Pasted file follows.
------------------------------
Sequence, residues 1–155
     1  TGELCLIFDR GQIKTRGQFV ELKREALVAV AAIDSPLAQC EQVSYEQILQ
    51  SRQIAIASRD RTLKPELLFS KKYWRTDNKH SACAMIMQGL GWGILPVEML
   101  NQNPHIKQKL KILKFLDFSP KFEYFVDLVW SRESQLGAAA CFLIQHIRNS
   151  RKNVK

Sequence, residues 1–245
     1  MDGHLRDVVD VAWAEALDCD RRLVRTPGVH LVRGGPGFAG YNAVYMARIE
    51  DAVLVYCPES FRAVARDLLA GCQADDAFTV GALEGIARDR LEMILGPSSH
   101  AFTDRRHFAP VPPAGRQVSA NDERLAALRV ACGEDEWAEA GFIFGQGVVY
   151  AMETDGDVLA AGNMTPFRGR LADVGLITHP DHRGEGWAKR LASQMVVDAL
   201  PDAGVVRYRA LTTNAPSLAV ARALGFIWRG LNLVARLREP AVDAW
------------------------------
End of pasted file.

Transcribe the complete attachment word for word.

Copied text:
Sequence, residues 1–155
     1  TGELCLIFDR GQIKTRGQFV ELKREALVAV AAIDSPLAQC EQVSYEQILQ
    51  SRQIAIASRD RTLKPELLFS KKYWRTDNKH SACAMIMQGL GWGILPVEML
   101  NQNPHIKQKL KILKFLDFSP KFEYFVDLVW SRESQLGAAA CFLIQHIRNS
   151  RKNVK

Sequence, residues 1–245
     1  MDGHLRDVVD VAWAEALDCD RRLVRTPGVH LVRGGPGFAG YNAVYMARIE
    51  DAVLVYCPES FRAVARDLLA GCQADDAFTV GALEGIARDR LEMILGPSSH
   101  AFTDRRHFAP VPPAGRQVSA NDERLAALRV ACGEDEWAEA GFIFGQGVVY
   151  AMETDGDVLA AGNMTPFRGR LADVGLITHP DHRGEGWAKR LASQMVVDAL
   201  PDAGVVRYRA LTTNAPSLAV ARALGFIWRG LNLVARLREP AVDAW